When you think “so L.A.,” Erewhon smoothies, Barbie-pink sunsets and baristas with IMDB credits might come to mind. Now you can add mosquitoes to the list.
No, you’re not imagining it: The tenacious bloodsuckers and other creepy-crawlers are booming in Southern California right now. The culprit? Unprecedented rains, including the recent deluge courtesy of Tropical Storm Hilary. Mosquitoes lay their eggs in water, and this year they had ample real estate to reproduce.
Some experts believe other bugs and animals — including those considered pestiferous, like rats — are thriving from secondary impacts of all that H20, like increased vegetation. That’s why you might see more critters out and about. Or, in the case of mosquitoes, feel their bites after the fact.
Mosquitoes are not a new nuisance in the City of Angels: Los Angeles landed first on pest control company Orkin’s Top 50 Mosquito Cities list this year, a dishonor the city’s held for three years running. Ranks of an invasive mosquito known for fierce ankle biting have steadily risen over the years, according to Susanne Kluh, general manager for the Greater Los Angeles County Vector Control District. Like a typical rising pop icon in L.A., it’s often referred to by its first name: Aedes. And it’s the Aedes — Aedes aegypti in particular — that’s really popping off right now.
But some experts say the unusual weather made the year singular.
Even California’s native Culex mosquitoes, typically in decline by this time of year, have surged this month. All was going well on the containment front until Hilary struck in late August, Kluh said.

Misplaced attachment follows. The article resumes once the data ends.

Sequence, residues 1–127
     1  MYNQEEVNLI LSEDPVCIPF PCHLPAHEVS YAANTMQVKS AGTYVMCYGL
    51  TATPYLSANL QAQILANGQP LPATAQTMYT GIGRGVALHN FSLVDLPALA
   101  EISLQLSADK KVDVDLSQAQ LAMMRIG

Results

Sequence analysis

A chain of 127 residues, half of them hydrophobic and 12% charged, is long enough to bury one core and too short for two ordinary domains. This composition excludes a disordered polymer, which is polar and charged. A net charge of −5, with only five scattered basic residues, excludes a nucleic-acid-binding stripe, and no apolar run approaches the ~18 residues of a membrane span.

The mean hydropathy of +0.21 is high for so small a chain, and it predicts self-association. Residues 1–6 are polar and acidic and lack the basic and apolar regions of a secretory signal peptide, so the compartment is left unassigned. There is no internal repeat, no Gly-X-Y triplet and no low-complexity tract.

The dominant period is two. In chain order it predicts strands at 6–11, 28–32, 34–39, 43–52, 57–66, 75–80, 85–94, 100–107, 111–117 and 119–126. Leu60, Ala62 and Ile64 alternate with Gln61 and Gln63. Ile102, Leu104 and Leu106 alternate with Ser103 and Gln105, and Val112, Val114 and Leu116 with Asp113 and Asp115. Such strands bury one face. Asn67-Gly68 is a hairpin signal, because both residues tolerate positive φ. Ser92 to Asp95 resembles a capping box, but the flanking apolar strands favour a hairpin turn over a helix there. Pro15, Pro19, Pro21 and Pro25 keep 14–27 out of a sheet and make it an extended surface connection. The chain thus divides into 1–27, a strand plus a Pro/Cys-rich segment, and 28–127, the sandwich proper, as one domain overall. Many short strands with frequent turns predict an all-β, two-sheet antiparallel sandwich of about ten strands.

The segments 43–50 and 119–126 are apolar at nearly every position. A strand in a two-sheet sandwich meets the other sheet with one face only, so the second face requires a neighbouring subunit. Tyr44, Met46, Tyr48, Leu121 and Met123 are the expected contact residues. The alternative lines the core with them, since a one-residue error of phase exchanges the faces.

“With just the first round of trapping after the rain, we’re really seeing numbers go up because there’s just so many little water sources in everybody’s backyard,” Kluh said.
There are five vector control districts that cover L.A. County. The Greater Los Angeles County district, which Kluh manages, is the largest, stretching from San Pedro to Santa Clarita. It covers most of L.A. city except for coastal regions, and doesn’t serve the San Gabriel or Antelope Valleys.
“Our area has about a million parcels, not all residential,” she added, “but you can imagine how many bottle caps, lawn drains, saucers, toolboxes that weren’t put away are now filled with water — and will be breeding mosquitoes.” Aedes mosquitoes can breed in minuscule amounts of water. Even water trapped in the depression of a crinkled chips bag is fair game.
In September, an average of nearly 21 female Aedes mosquitoes were logged per trap-night — an average of mosquitoes counted in traps laid throughout the district. That’s more than triple the five-year average. An average of 46 female Culex mosquitoes were collected this month, double the five-year average.
It’s a similar story in Orange County. For the week of Sept. 11, an average of 28 female Aedes mosquitoes were collected per trap-night, roughly seven times the five-year average for that time frame. Culex mosquitoes averaged nearly 55 per trap-night during that week, a sizable jump from the five-year weekly average of about 34.
Culex make up the majority of the region’s mosquito population, but their season typically peaks earlier. After surging above average in June and July after the torrential spring, their numbers began falling — then Hilary and hot weather arrived, according to vector control experts.
Mosquitoes like it wet, but not cold. When the temperature drops, they tend to dwindle. But relief is becoming more elusive as the Aedes’ season may be expanding.
A lasting dip in mosquito numbers isn’t expected to arrive until December, said Brian Brannon, a spokesperson for the Orange County Mosquito and Vector Control District. Levels tend to be lowest in January and February, he said.